“Faceoffs are obviously up there, it’s pretty simple, whether you start with the puck or not. We want to start with the puck, obviously, but there’s also going to be nights where things don’t go your way, in the dot. You’ve got to adjust accordingly and last night it cost us.”
Faceoffs weren’t the only area where the Kings came up short. Kopitar touched on having too many turnovers, while Yawney re-emphasized the importance of the endboards, as he did before the game. Few areas to clean up, with little time to dwell heading into another game tomorrow.
The last note on that topic is a quote that is relevant to the section above, but Yawney used what I felt was an interesting phrase. When you overtry, you always underperform. Deep breath, calm down, get back to LA Kings hockey.
“When it does go off the rails a little bit, the tendency is to overtry and when you overtry, you always underperform,” Yawney said. “It’s getting back, breathing a little bit and getting back to who you are, and I think that starts in the circle for us. We’re a good faceoff team, it shows in the statistics, but I thought last night, we lost too many of those 50-50’s that could have turned into something offensive for us. That’s something we can sure up.”
Not The Old, But The Wise
The LA Kings have a very distinct split on their roster this season. There’s the older group of players who have been there before, either with those who have won in Los Angeles, or those who have played in playoff games and have been to the Final in other organizations. Then, there’s the younger group of guys who haven’t been there before. Guys like Alex Iafallo and Adrian Kempe have one, four-game playoff series as NHL’ers. Someone like Matt Roy, thought of as more of a veteran, has never played playoff hockey. And so on and so forth down the list.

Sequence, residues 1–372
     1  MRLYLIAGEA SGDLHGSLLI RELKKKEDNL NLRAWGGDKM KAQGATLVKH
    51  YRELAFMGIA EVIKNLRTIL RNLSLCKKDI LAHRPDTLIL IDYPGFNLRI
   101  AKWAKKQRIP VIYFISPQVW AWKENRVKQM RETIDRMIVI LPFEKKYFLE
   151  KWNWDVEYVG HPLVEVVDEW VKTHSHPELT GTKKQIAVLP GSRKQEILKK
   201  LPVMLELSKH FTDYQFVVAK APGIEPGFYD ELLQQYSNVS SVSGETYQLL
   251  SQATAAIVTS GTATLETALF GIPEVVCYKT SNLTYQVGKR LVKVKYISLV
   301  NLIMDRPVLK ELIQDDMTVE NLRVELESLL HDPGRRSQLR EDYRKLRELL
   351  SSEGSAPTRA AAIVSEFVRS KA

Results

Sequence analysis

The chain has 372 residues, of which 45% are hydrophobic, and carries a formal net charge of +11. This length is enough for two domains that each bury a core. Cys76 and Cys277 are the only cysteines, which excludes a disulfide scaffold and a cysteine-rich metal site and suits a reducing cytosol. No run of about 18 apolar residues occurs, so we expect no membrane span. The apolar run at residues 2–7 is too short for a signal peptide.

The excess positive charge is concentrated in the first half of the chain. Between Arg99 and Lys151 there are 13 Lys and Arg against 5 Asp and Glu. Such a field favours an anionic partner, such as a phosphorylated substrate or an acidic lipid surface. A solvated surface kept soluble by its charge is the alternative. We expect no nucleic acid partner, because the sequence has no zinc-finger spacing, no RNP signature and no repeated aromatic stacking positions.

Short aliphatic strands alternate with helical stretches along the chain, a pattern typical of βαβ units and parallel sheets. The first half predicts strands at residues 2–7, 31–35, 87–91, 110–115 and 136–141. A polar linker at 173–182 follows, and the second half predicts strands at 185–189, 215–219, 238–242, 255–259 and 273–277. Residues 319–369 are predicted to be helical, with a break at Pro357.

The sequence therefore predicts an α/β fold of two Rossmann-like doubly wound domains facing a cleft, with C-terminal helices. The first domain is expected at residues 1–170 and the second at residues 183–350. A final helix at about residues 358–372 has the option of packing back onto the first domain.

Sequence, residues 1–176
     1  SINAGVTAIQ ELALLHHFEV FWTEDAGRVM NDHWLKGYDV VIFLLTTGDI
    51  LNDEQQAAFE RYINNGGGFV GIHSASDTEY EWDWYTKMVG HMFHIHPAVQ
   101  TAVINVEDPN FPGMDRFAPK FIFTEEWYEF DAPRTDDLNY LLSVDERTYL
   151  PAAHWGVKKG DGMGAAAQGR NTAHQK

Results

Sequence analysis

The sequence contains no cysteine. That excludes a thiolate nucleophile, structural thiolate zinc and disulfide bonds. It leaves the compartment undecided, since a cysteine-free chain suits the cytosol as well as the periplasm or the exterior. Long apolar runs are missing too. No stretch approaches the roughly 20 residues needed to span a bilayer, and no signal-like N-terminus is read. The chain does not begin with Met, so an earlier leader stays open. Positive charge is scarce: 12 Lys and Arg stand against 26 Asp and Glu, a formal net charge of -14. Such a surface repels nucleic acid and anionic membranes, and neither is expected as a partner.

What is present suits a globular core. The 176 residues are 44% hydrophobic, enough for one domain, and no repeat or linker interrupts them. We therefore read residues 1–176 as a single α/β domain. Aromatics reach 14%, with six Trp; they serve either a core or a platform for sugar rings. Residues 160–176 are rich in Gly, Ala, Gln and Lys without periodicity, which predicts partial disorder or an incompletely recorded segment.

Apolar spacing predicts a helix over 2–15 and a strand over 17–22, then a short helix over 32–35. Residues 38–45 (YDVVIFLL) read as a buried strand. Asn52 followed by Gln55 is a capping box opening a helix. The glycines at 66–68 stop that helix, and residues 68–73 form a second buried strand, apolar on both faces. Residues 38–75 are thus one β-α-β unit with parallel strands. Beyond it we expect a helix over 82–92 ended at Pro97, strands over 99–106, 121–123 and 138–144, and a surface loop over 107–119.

“[Younger players] have guys that have been through it that they can go talk to, who I’m sure would be more than open to helping them out,” Yawney said. “I think that you can show video, you can practice all you want, but you have to experience why a faceoff is important, why a blocked shot is important, why a board battle is important……that’s experience and they have to experience those moments in a game.”
One such player who has obviously been through it is the captain, Anze Kopitar.
Kopitar has played in 79 career playoff games. His linemates, who are considered to be part of the veteran group now, at least in the secondary core, have played a combined seven playoff games. Much of the roster is hopeful to play in their first here in a couple of months. Kopitar stressed that the key here is getting back to basics, stressing fundamentals, and playing the same way the team has to date.
“We’re all talking about the fundamentals at all times, you’re going back to basics, but it’s really not rocket science,” he said. “You just have to keep it together. Does it get harder? Yes, but we’ve played good hockey over the course of 55 games now and we want to keep it going.”
There’s the difficult side, the challenging side, and that comes out more after a pair of losses. There’s also the fun side of it when you look more so at the last 72 days than the last 72 hours. It’s fun to be playing in these games, to have a win mean something, even to have a loss mean something.
We’ve heard players who have been here over the last few years discuss it, something Kopitar touched on today.
“We’re in a position that we haven’t been in in a few years,” he added. “There’s guys here that haven’t really experienced that before, it’s still a learning process, a feeling-out process. Saying all that, it’s a lot of fun to be in this spot, where in March and April, we’re playing meaningful games, which we haven’t in a few years. It’s fun, it’s hard, but as an athlete, it’s the spot you want to be in.”
Lastly, Yawney shared an update, or as much of one as it available on a potential return timeline for Todd McLellan.
The short answer is, we don’t know until we know. Yawney said that McLellan will get word this evening on whether or not he’s able to fly to Columbus or not, which would naturally decide his status for tomorrow’s game versus the Blue Jackets.
“I think he’s booking a flight every day, that’s kind of where it’s at right now.”
With the condensed schedule, McLellan has missed four games in six days. At other points in the season, he might’ve missed just one or two, but the compact nature of the March schedule for the Kings was inopportune timing. Such is life in a season that has been impacted by positive tests since October.
The Kings traveled to Columbus earlier today, following practice, in advance of tomorrow’s game on the road against the Blue Jackets. More coverage to follow in the morning from Ohio!